Collegiate Cheer and Dance: Deserving of Title IX Protections, or Accessories to Men’s Athletics?

By Kristina Major.

On February 2, 2022 people across the United States celebrated the 36th annual National Girls and Women in Sports Day, commemorating Title IX’s 50th anniversary. This year, the day followed weeks of discussions surrounding the fact that many cheer, dance, and spirit programs are not granted the same Title IX protections as other college women’s athletics programs. In January 2022, Louisiana State University’s (LSU) Tiger Girls made headlines after becoming the 2022 Division 1A Hip Hop National Champions at Universal Dance Association (UDA) College Nationals only a year after LSU refused to send them to nationals. In the past few years, both Arizona State University’s Sun Devil Dance Team and the University of Arizona Pom & Dance Line have also competed at UDA Nationals. While cheerleading has previously been thought of as a sport solely involving women cheering on the sidelines at football games, this aspect of the sport has declined since Title IX passed in 1972 and imposed a competition requirement, causing teams to place further emphasis on national competitions and athleticism. In light of Women’s History Month, it is important to evaluate the current state of college cheer and dance, gender dynamics, and the often-overlooked competitive nature of the sports.

Development of Title IX: Women’s Sports

Women’s sports have received increased attention in relation to Title IX protections in recent years. Title IX of the Education Amendments of 1972 states that, “No person in the United States shall, on the basis of sex, be excluded from participation in, be denied the benefits of, or be subjected to discrimination under any education program or activity receiving Federal financial assistance.” In its application to athletics departments, Title IX requires equitable opportunities be provided to both women and men to participate in sports at schools receiving federal funding, that both genders receive participation-proportional athletic scholarship dollars, and that student-athletes receive equal treatment regarding the following: equipment, supplies, game scheduling, practice times, travel, per diem, coaching, locker rooms, practice, competitive facilities, medical, training, housing, dining facilities, publicity, support services, and recruitment. Colleges and universities can demonstrate compliance with the above by meeting one of three prongs: substantial proportionality, continuing practice of program expansion, or effective accommodation of athletic interests and abilities. As a result, colleges must allocate proportional funds to men’s and women’s athletics, support program growth, and provide opportunities for participation in students’ sports of interest.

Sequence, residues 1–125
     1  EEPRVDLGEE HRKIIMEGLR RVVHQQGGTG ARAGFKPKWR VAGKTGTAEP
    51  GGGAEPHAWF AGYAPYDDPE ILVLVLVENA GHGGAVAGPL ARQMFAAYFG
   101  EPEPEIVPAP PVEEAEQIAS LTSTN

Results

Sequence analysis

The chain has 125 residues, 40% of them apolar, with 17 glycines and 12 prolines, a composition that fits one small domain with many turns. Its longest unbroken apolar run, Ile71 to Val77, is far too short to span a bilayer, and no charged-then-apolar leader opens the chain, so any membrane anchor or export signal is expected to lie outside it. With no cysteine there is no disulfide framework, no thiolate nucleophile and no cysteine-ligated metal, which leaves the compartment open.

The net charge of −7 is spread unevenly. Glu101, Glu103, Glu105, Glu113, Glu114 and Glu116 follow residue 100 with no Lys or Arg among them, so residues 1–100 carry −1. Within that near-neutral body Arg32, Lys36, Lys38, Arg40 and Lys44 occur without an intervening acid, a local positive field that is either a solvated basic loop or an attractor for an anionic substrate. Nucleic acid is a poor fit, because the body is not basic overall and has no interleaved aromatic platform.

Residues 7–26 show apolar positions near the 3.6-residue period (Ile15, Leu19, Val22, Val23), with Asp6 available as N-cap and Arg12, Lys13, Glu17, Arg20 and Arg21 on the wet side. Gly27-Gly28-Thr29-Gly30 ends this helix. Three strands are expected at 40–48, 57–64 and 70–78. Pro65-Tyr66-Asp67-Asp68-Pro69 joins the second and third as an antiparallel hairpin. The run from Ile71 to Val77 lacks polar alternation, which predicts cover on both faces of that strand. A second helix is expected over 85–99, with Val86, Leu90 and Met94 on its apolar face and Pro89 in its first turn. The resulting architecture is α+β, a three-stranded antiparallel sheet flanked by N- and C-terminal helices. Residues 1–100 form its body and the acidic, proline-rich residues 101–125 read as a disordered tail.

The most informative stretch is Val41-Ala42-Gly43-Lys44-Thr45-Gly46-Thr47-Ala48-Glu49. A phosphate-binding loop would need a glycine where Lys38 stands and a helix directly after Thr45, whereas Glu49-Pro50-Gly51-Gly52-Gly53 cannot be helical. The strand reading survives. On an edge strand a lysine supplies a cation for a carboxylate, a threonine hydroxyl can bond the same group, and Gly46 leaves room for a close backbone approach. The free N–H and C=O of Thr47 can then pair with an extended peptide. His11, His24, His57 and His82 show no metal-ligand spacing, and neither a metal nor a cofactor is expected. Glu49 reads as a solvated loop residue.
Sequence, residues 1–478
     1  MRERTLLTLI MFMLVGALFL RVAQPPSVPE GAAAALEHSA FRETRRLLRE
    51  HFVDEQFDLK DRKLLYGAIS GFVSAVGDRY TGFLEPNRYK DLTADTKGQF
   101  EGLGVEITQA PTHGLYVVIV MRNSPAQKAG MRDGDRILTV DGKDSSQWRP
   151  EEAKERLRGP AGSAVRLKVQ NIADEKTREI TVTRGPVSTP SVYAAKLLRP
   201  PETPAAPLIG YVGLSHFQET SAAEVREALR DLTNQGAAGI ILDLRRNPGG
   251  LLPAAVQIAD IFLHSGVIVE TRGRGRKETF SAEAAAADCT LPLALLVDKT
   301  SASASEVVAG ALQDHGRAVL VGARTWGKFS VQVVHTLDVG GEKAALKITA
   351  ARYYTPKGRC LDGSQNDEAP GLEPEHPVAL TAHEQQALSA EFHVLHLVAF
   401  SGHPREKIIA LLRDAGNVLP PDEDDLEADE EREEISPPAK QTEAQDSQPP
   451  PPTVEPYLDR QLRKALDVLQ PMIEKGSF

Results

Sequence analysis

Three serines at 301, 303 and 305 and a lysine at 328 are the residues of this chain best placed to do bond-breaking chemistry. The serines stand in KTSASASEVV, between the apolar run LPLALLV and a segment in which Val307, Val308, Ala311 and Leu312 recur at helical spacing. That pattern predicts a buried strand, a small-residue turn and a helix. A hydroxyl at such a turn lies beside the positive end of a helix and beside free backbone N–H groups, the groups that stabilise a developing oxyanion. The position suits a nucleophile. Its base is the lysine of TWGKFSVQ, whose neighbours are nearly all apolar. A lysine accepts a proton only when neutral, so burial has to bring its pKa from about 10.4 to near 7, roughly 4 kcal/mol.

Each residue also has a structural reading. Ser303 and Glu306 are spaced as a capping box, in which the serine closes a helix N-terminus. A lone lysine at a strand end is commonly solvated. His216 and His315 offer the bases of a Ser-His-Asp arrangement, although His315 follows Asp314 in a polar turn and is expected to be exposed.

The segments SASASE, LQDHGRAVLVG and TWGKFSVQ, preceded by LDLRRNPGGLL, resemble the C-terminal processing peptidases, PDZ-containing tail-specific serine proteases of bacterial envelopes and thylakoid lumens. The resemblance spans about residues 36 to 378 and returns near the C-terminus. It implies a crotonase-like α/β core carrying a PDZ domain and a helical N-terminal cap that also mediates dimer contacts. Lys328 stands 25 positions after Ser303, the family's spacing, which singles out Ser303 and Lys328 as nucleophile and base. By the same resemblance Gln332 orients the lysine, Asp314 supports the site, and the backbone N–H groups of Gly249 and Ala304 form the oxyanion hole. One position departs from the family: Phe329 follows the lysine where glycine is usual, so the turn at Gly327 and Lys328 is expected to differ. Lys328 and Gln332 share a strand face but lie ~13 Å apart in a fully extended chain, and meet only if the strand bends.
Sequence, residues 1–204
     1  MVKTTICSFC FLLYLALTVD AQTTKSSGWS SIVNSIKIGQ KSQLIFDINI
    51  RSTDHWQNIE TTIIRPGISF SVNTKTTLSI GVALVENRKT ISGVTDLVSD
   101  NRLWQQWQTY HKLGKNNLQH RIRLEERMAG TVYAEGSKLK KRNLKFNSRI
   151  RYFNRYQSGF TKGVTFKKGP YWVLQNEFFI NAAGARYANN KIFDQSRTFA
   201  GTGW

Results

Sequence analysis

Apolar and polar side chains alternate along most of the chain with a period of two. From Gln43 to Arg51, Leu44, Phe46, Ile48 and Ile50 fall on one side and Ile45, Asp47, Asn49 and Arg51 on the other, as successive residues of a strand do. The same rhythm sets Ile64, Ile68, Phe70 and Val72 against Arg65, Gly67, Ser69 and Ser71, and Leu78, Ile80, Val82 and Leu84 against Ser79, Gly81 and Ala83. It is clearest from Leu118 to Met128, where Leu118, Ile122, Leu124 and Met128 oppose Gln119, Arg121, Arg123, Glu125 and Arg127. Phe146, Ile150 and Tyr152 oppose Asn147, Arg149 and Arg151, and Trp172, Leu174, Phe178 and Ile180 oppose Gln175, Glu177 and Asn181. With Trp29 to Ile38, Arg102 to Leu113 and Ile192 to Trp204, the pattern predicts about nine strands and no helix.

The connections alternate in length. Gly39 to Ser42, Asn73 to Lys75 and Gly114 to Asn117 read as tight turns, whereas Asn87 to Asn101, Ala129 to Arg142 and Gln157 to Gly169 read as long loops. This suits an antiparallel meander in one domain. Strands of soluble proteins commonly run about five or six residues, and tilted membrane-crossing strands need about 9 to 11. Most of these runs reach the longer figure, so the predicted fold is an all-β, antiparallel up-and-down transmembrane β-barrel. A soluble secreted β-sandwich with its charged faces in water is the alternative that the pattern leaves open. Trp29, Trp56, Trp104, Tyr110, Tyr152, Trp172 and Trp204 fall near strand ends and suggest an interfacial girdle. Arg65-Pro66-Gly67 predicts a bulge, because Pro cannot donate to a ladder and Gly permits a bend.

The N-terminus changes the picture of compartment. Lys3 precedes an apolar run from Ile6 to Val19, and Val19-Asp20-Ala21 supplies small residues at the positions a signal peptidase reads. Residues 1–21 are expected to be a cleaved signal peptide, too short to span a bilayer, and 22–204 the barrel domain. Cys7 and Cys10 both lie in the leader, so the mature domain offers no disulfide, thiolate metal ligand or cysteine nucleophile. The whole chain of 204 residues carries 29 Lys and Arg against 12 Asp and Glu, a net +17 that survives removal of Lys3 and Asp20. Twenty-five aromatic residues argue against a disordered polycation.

Women’s athletics were transformed beginning in the late 1970s when proponents pushed for applying Title IX to sports. In 2017, over 200,000 college women participated in sports, increasing dramatically from the fewer than 30,000 college women who participated in 1981. However, the push for athletic equity has not ceased. According to a post by Friend of the Court | Women’s Sports Law (@fotc_sports), Title IX suits have been filed in 37 states since 2016.

Excluded from Title IX protection are cheer and dance athletes, including those from LSU, who have spoken out about receiving unequal treatment from their institutions. Friend of the Court | Women’s Sports Law discussed these issues in a post entitled “The Breakdown: Why Spirit Programs Aren’t Protected by Title IX.” These programs are not automatically presumed to be protected in the same ways as other college sports. The Office for Civil Rights has no official position regarding whether competitive cheer and dance are considered sports for Title IX purposes. The NCAA considers STUNT, which removes the crowd-leading aspect of cheerleading, to be an “emerging sport for women.